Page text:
642-2010-01 - Chem-642 Instructor Junghuei Chen 105 Drake...

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Unformatted text preview: Chem-642 Instructor: Junghuei Chen, 105 Drake, 831-1035, [email protected] Office Hours: Wednesdays, 9:30-11:30 AM Down Load Power Points: http://www.udel.edu/chem/course/courseS2010.html Grading: First exam (30%), Second Exam (30%), Final examination (40%). Date to Remember: First Exam: March 11 March 30, April 1 (Spring recess; no class) Second Exam: April 22 Last day of class: May 18 Final exams week: May 19-26 DNA, Chromosomes, and Genomes The nucleosome An egg cell. The DNA of this single cell contains the genetic information needed to specify construction of an entire multi- cellular animal. All cells store their genetic information in DNA Figure 11 The hereditary information in the egg cell determines the nature of the whole multicellular organism. (A and B) A sea urchin egg gives rise to a sea urchin. (C and D) A mouse egg gives rise to a mouse. (E and F) An egg of the seaweed Fucus gives rise to a Fucus seaweed. Chromosomes in cells. (A) Two adjacent plant cells photographed through a light microscope. The DNA has been stained with a fluorescent dye (DAPI) that binds to it. The DNA is present in chromosomes, which become visible as distinct structures in the light microscope only when they become compact structures in preparation for cell division, as shown on the left. The cell on the right, which is not dividing, contains identical chromosomes, but they cannot be clearly distinguished in the light microscope at this phase in the cells life cycle, because they are in a more extended conformation. (B) Schematic diagram of the outlines of the two cells along with their chromosomes. Hereditary information is carried on Chromosomes that consist of both DNA and proteins Experimental demonstration that DNA is the genetic material. (Avery) These experiments, carried out in the 1940s, showed that adding purified DNA to a bacterium changed its properties and that this change was faithfully passed on to subsequent generations. Two closely related strains of the bacterium Streptococcus pneumoniae differ from each other in both their appearance under the microscope and their pathogenicity. One strain appears smooth (S) and causes death when injected into mice, and the other appears rough (R) and is non-lethal. (A) This experiment shows that a substance present in the S strain can change (or transform) the R strain into the S strain and that this change is inherited by subsequent generations of bacteria. (B) This experiment, in which the R strain has been incubated with various classes of biological molecules obtained from the S strain, identifies the substance as DNA. The structure and function of DNA A DNA Molecule Consists of Two Complementary Chains of Nucleotides DNA and its building blocks....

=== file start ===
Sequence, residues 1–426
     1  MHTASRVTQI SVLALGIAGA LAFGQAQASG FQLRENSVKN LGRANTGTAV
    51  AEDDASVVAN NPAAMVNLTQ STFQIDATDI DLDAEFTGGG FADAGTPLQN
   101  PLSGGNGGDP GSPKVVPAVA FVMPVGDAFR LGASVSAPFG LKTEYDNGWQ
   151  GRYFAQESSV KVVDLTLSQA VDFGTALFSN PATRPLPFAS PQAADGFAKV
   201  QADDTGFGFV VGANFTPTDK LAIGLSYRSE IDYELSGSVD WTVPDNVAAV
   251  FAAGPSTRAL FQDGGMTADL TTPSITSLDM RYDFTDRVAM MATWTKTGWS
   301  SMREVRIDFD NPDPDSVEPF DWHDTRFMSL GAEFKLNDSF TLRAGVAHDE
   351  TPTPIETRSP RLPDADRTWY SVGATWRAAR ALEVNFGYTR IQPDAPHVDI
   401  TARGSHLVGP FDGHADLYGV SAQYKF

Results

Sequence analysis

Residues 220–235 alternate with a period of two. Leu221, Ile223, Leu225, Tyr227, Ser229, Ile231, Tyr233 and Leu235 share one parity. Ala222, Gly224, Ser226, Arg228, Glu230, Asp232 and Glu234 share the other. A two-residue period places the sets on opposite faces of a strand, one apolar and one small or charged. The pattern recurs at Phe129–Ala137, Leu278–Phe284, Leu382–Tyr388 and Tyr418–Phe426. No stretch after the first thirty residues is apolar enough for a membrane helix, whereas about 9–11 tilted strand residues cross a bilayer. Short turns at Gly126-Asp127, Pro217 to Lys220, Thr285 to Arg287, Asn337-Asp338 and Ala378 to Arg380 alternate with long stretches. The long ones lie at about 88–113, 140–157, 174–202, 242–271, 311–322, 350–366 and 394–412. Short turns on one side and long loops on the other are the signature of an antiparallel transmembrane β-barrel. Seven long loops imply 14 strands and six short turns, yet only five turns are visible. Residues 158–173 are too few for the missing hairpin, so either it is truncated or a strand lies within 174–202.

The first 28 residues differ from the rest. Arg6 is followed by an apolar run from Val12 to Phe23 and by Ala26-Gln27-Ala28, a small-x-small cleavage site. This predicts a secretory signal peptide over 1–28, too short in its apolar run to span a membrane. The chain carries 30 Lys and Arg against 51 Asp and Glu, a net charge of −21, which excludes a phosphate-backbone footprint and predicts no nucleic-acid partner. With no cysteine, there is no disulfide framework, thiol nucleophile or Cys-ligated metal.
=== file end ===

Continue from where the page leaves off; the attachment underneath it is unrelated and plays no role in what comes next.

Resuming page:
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This note was uploaded on 05/24/2010 for the course BIOCHEM chem642 taught by Professor Chen during the Spring '10 term at University of Delaware.

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642-2010-01 - Chem-642 Instructor Junghuei Chen 105 Drake...

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